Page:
If you often are late in paying bills, and are paying high late fees and interest charges, you may be looking at some form of debt relief. Debt consolidation might be an option. Before you take the leap though, take the time to understand what it really is, and for whom it is best suited.
Essentially, debt consolidation combines all of your debts into one loan so you owe only one creditor. Debt consolidation does not solely refer to services that offer this. It just means getting all debts “under one roof” and at a good interest rate. Debt consolidation can simplify bill paying because it results in just one payment.
One of the ways involves working with a debt consolidation firm. But individuals can consolidate their debts on their own too, and pay off debt. While pros and cons exist for each, some of the ways include: borrowing from a 401k or other employer-sponsored retirement account to pay off debt; borrowing money from a life insurance policy; borrowing from family or friends; a personal or signature loan; a title loan on a vehicle.
Some people consider refinancing their home and taking cash out at closing, or taking out a home equity loan or line of credit. Others consider balance transfers, or transferring credit card balances due to a new card with a lower interest rate.
Debt consolidation services ask consumers to make one monthly payment, which then is used to pay creditors. Consumers pay back 100% of the debt, plus interest. If the problem is too many accounts with too-high minimum payments at crippling interest rates, these services may offer a solution. They can be helpful to people who are sure they can change their habits, so that they can focus on just one interest rate and one payment.
Debt consolidation is best suited for people who are able to pay bills, but are having a hard time juggling multiple bills or remembering payment due dates. For those finding it hard to pay bills at all, or who have bad credit, many debt consolidation options may not be the best ones for you.
Debt consolidation can simplify on-time payments for some people. But it does not address issues like overspending and poor budgeting – which, for many people, created the problem in the first place. If you choose debt consolidation, you must also commit to changing your spending and saving habits. Otherwise, you risk a vicious circle of increasing your debt instead of eliminating it.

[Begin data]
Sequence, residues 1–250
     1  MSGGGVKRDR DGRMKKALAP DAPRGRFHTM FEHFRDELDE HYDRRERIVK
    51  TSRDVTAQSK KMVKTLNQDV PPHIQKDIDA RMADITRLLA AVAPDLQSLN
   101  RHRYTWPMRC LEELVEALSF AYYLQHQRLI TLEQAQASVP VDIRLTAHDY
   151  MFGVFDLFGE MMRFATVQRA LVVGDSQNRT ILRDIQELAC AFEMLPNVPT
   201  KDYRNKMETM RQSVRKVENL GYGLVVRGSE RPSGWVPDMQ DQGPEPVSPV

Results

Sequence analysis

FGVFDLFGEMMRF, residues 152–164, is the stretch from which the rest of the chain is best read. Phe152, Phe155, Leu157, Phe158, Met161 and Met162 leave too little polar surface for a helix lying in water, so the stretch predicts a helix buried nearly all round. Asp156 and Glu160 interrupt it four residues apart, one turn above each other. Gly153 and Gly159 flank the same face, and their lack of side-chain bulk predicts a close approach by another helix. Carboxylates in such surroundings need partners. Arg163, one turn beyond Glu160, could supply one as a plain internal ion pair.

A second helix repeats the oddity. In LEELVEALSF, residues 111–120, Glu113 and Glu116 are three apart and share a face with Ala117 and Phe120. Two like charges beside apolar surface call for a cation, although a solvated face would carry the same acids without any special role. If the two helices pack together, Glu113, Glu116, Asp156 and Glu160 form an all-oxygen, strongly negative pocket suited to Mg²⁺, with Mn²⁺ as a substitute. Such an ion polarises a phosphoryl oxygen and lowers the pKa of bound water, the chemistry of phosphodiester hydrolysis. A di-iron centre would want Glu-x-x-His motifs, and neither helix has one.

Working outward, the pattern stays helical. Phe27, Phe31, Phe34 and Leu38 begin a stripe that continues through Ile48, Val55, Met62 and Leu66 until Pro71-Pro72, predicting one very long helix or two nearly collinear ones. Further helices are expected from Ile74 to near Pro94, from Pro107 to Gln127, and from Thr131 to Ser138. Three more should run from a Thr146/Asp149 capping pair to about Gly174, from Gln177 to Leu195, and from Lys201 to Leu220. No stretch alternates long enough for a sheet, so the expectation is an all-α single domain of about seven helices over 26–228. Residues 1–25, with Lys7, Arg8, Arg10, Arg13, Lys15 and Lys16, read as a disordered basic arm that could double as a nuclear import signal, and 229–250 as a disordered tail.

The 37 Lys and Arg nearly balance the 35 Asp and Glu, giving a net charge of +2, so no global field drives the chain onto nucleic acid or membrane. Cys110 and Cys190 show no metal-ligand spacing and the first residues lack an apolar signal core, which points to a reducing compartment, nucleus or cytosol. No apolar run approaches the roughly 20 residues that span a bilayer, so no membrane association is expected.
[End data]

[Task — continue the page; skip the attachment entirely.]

Debt consolidation services combine all debts into one loan, which then often is secured by the borrower's property, such as a home or car. This action puts those items at risk if the borrower cannot pay. In addition, fees for these services can be high. Some debt consolidation firms have poor histories and reputations.
Keep in mind that it’s not only just debt consolidation services that carry risk. Besides refinancing or home equity line of credit risks discussed in before, balance-transfer card offers come with fees and other terms. With a title loan comes the risk of losing your vehicle should you be unable to pay. If you do not pay back money you borrow against a life insurance policy, that amount will be deduced from the amount paid to your beneficiaries.
Borrowing from a 401k or other employer-sponsored retirement account should be a last resort since you are taking money from your retirement years. You may also realize significant tax implications. And if you leave the job associated with the account, the loan will be due immediately. Associated problems with borrowing from family or friends include the potential for damaged personal relationships, the expectation of a return of the favor years down the road, and possible legal action against you by someone who was previously a good friend or close family member.
A debt consolidation loan – whether from a debt consolidation service or other – may lower your payment by spreading out the time to repay the loan. This might sound good initially. But this means that you could pay more interest over the life of the loan – even with a lower interest rate and lower payments than when you began. You also could face expensive penalties and see your interest rate rise if you miss a payment, or are late with one.
Debt consolidation is not the same thing as debt settlement, or debt management plans and credit counseling – other options that can help individuals in severe debt. Individuals need to weigh the pros and cons of each option against their own situation in deciding which direction to go.
You’ll still have your full debt to pay, and you’ll require diligence and perseverance to pay off in full. Debt consolidation is not the solution for someone struggling to pay even minimum payments on bills.
With debt consolidation, you may be able to simplify on-time payments. But remember that it does not address the need to look at the root problem. It will be important to make a commitment to turning over a new leaf and changing your spending and saving habits.
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